I've already shown how disastrous George Osborne's reaction to the latest round of corporate inversions in the UK would be, but let's give him credit where it is due: he has noticed there is an issue to deal with; he's just come up with a hopelessly inappropriate solution. In saying so it is however beholden upon me to offer an alternative opinion. This is the first blog in which I do so: it won't be the last.
Let's be clear, this problem can be tackled. After all, what we're facing here is a situation of blatant and aggressive tax avoidance driven by tax competition. Now tax competition comes in two major forms, of which there are though, I admit some sub-varieties which need not bother us too much for now.
The first form is what might be called real tax competition. This is about the location of real jobs in real factories making real things. Of course it's not really tax competition at all; it's tax being used as part of fiscal economic policy to encourage full or at least active employment in an economy. You might think that the Left might like this as it appears to be Keynesian. Actually, I don't have much enthusiasm for it. Keynesian fiscal management is meant to be short term, aimed at public works as counter-cyclical economic stimulation to create a multiplier effect, and is not meant to be straightforward business subsidy which reallocates resources within the market inefficiently, as this form of competition tends to do. So I don't have much taste for it, but at least you can see a positive motive and potential outcome.
The second form of competition has no such benefit, unless you consider robbing the least well off to pay the rich to be social welfare enhancing (and not many would). This competition is wholly artificial and is for reallocation of the tax base. It comes in two broad forms. One is competition for head office locations because for all the reasons that the UK knows well, and which are motivating its new anti-avoidance legislation, head offices bring the opportunity to tax income streams arising outside the place in which they those head offices are located. It is this activity that Ireland pursues, in the process also providing opportunity for redesignation of passive investment income into what looks like active income (although I suspect it rarely is). The second variety is that practiced by secrecy jurisdictions / tax havens that blatantly promote the relocation of passive investment style income to their domain where it is subject to little or no tax but does give rise to some local fees whilst supporting an expatriate population of secrecy providers from the banking, accountancy and legal communities.
The corporate inversions we're seeing exploit both these forms of abusive tax competition. Jersey offers the country of incorporation even though nothing of consequence will happen there. Their role is to give a tax free corporate structure with low regulation. Ireland gives a tax residency for that Jersey structure where Controlled Foreign Company rules won't be pursued, not least because the company in question is not Irish incorporated and so can flee at any minute and as such cannot be captured by a CFC regime. Ireland gets some corporate tax income as a result though (but maybe not much).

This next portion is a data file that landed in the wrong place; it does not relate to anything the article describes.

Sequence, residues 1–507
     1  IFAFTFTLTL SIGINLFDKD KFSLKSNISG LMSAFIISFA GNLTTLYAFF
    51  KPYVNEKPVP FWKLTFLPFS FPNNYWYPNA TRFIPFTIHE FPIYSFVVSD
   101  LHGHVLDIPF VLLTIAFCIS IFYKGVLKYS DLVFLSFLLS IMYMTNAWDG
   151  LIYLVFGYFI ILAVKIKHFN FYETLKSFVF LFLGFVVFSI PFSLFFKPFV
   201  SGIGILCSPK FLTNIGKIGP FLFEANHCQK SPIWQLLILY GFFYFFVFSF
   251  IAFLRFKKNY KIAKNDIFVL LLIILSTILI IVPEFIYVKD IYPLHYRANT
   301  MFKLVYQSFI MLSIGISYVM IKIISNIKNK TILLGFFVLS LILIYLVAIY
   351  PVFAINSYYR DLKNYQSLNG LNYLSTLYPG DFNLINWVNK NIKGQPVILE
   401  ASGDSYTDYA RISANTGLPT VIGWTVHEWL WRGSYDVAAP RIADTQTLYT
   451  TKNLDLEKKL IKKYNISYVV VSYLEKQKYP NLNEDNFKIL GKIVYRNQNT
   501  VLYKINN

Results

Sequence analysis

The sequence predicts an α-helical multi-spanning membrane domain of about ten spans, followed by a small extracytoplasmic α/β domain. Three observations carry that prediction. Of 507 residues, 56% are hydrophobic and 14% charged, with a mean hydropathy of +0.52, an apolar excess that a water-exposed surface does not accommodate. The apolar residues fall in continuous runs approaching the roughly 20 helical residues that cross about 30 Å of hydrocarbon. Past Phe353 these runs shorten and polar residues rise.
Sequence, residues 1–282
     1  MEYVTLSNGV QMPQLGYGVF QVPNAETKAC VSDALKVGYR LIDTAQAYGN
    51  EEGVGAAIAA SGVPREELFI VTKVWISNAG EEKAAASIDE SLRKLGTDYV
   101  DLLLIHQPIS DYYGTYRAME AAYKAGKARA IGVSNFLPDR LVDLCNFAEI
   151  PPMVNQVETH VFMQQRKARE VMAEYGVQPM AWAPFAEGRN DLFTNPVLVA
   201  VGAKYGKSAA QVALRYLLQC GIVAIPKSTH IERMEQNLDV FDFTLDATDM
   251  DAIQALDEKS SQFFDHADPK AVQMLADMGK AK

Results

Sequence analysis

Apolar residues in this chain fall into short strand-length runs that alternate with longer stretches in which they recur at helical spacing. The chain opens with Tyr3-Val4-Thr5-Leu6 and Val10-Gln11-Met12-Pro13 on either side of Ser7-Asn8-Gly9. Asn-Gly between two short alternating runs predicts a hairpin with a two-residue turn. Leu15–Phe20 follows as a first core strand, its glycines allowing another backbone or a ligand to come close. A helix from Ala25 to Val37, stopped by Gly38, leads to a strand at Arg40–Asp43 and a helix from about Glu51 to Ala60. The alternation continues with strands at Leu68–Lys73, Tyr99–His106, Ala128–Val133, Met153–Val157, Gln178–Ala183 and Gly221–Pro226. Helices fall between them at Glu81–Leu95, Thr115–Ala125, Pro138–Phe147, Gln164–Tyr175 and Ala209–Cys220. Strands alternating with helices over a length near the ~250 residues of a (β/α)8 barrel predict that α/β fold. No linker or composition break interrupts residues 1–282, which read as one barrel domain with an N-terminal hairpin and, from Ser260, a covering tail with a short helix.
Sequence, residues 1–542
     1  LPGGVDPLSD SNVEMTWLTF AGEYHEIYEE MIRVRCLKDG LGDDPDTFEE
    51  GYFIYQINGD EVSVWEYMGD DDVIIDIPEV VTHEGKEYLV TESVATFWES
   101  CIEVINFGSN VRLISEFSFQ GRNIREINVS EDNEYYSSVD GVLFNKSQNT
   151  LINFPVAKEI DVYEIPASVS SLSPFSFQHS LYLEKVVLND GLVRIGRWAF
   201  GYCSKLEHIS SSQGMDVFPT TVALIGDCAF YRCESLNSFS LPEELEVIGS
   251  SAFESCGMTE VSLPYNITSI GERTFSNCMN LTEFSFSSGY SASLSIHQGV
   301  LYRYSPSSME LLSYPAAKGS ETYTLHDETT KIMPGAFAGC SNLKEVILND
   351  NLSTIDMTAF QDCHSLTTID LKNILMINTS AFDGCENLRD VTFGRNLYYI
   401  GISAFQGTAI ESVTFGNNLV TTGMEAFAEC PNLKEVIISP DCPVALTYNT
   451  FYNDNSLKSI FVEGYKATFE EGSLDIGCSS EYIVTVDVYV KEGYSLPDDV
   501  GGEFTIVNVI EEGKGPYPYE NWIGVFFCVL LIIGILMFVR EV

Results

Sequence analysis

But in neither location or case does anything really happen. No jobs or management are going to be moved from London. The companies in question are going to continue on the London Stock Exchange. They've made this abundantly clear. This is just financial engineering of what are in effect passive income streams of dividends that are now to be routed through a different location. In that case one would expect a CFC regime to come into play.
So could it? That's my first question. I think it possible that CFC rules could be used here, and that the UK should be bold on this issue. First it could pass anti-inversion legislation. It could, in similar fashion to the US legislation on this issue passed in 2004 and used to tackle inversions to Bermuda, say that if there is a relocation of a parent company to a low tax jurisdiction (a ratio of effective tax rates seeming to provide the appropriate basis of definition here) that assuming (using the US precedent) that there were more than 80% shareholders in common before and after the inversion (and loans of stock and matching rules on purchases and reacquisitions would be needed as inevitable anti-avoidance measures) then it must be possible to deem the new corporation under the control of the old corporation and therefore apply CFC rules to the new company which is, very obviously and as a matter of fact under the control of the old one which has taken all the necessary steps to create it.
I know there are possible conflicts with EU rules on capital mobility but I'm not convinced they would work or that the European Court of Justice would strike this down given its current mood and its distaste for artificial transactions that are seen to undermine the domestic tax base in the post Halifax era of its decision making. In addition, no one can claim that these inversions relate to anything but passive income. Even under Cadbury Schweppes there must be real prospect that they could be ruled legal as a result.
And, of course, it would take a long time to find out. In the meantime the harm would have been stopped.
So that's option 1. I should also give credit for the idea: I was with Reuven Avi-Yonah, one of the world's greatest tax brains when I was in Montreal last week. We were both key-note speakers at the conference I was attending and we took the chance to chew the cud on this issue. The opinions I offer here are mine but Reuven is a guru on inversion issues. It was a real privilege to have the chance to discuss it with him.